In the disappointment and the loneliness of those who had never imagined it would turn out like this.

God with us -

I’m going to date myself now by admitting a fondness for the 90s track by Joan Osborne, “What if God was one of us”.
In case you don’t know it, let me share the chorus
What if God was one of us. Just a slob like one of us. Just a stranger on a bus trying to make his way home.”
I have never dared to investiigate whether the song was written in faith or in irony – and if you know, please don’t tell me.
Because, of course, this is the heart of everything.
God IS one of us...whatever that might look like.


God with us in the endless business of the Cathedral at this time of year..in the hard-won beauty of the choir singing away the dark on Advent Sunday...in the weary scraping of candlewax from the floor...in the stickiness of a thousand Christingle oranges…and the starling-chatter of school-children filling the nave for their end of term celebration.
God with us in the patient preparations and proof reading for service after service after service...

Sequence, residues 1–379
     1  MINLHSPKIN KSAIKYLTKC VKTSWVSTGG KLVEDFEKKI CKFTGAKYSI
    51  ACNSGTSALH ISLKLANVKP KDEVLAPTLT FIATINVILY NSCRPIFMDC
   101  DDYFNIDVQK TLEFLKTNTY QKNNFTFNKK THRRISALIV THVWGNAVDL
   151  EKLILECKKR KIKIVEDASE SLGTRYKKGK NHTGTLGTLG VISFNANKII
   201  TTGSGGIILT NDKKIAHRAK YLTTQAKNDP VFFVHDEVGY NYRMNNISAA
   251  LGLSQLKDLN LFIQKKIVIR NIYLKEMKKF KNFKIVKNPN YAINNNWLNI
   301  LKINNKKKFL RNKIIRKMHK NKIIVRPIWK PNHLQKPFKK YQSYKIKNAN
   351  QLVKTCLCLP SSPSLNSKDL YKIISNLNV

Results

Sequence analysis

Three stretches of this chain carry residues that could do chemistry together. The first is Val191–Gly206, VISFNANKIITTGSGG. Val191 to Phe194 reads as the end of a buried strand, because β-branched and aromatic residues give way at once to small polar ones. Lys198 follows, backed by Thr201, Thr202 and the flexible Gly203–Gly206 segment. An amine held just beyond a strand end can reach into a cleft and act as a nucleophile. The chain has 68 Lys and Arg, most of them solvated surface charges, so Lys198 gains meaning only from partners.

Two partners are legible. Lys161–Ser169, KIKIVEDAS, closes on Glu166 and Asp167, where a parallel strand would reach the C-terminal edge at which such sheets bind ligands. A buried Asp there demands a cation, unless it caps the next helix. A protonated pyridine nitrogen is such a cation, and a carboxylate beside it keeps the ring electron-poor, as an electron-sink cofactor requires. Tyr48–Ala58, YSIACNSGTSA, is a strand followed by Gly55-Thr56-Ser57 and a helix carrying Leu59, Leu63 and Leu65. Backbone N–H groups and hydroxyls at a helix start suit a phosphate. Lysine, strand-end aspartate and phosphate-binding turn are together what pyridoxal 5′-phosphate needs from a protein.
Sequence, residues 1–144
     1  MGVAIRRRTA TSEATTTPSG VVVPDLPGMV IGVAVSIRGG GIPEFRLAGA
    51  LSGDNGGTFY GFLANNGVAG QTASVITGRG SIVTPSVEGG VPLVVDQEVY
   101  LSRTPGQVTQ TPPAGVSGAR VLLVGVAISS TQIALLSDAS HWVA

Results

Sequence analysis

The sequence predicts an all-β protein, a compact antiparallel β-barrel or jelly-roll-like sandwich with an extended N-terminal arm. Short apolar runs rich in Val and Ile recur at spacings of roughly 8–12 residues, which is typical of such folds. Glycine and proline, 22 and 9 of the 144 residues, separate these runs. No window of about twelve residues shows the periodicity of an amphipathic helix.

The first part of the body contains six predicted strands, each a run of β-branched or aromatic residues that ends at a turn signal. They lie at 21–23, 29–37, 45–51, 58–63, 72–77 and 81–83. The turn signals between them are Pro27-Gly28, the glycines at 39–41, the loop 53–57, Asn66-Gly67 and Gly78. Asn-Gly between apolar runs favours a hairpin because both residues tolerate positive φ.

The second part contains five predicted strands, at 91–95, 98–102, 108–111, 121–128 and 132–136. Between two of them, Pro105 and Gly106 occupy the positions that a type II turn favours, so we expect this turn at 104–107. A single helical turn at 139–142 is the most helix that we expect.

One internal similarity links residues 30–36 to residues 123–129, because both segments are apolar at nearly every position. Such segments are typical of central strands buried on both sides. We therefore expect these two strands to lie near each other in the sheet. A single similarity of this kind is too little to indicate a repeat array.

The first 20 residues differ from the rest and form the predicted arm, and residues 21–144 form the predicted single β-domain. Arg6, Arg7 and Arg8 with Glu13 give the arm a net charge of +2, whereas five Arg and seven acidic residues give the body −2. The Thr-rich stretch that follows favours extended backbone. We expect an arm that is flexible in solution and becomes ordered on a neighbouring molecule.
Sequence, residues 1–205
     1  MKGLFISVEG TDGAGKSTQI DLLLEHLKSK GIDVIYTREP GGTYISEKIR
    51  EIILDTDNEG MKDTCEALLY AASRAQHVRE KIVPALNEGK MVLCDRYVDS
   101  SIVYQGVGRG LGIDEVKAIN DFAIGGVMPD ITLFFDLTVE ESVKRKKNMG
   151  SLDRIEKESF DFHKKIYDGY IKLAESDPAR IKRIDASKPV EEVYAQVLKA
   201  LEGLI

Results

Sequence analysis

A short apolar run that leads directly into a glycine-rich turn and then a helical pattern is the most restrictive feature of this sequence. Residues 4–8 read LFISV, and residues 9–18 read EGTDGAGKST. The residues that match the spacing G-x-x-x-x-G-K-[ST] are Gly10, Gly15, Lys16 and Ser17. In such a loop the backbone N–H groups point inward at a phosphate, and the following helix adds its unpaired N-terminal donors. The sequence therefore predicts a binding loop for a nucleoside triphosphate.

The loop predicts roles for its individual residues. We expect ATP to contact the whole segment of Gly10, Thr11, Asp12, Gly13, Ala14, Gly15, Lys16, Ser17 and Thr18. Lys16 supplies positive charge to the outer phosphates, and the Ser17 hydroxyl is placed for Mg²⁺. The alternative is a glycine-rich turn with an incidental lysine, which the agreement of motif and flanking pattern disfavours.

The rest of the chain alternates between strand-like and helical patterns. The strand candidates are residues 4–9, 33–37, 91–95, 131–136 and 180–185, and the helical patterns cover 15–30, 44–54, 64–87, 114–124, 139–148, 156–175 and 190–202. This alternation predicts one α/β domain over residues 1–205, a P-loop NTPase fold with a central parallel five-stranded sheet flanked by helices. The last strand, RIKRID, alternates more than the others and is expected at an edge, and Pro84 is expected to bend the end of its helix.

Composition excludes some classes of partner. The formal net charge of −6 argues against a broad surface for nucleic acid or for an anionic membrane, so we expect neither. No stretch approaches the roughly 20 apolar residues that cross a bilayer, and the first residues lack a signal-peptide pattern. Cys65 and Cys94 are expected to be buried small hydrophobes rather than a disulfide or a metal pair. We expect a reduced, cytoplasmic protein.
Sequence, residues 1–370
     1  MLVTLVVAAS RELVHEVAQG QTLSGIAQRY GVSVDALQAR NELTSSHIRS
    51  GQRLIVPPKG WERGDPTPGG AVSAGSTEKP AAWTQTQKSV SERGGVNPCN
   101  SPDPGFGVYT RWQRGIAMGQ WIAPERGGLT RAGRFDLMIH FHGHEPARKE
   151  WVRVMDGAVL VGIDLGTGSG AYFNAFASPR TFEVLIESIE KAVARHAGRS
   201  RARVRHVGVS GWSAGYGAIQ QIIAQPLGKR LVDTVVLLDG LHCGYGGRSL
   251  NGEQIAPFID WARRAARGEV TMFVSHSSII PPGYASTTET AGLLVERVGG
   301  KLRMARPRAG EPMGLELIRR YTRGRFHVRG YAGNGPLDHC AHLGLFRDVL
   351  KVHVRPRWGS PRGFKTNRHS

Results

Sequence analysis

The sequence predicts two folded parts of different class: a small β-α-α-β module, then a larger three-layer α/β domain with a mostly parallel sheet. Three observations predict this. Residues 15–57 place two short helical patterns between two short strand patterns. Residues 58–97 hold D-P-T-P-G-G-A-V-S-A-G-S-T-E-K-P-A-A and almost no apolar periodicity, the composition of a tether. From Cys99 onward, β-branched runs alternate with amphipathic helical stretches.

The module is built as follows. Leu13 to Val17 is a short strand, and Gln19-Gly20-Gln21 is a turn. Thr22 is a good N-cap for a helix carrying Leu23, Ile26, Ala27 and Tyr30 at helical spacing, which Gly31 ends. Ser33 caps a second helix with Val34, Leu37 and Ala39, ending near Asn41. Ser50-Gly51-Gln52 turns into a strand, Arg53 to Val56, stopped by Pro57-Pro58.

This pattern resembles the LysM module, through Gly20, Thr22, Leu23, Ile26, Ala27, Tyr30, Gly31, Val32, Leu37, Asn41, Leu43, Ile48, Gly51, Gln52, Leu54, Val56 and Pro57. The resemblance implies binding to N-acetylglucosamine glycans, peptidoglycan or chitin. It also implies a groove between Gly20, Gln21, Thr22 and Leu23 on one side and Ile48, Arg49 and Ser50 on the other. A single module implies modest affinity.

God with us no less in the barely suppressed grumpiness of overtired staff and of volunteers who’ve agreed to do just one more event, because “we know you’re stretched at this season”

God with you, Paul and Sheila, in what must surely be an emotional roller-coaster as you prepare to bring so many years of loving service here to an end.
God with you in the next adventure as surely as God has been with you shining through all that you have brought to the life of this place.

God with us in our hopes and our fears, for ourselves and for our country.

God who has NEVER played by our rules, but turns them upside down in every way….living his manifesto, Mary’s Magnificat..
God the rule-breaker stepping down from the throne of glory that we would surely cling to...setting aside everything but love to be with us in our triumphs and disasters, our moments of faith and our days of doubt…

When Joseph broke the rules and joined Mary on the side of God’s wild subversion, he can’t have known what the future might hold.
I wonder how often he comforted his wife, comforted himself, by repeating Isaiah’s words
Look, the virgin shall conceive and bear a Son and they shall name him Immanuel”...how often he fell asleep, using that name as a prayer as he tumbled into darkness
Immanuel”...God with us…
Here, now and always.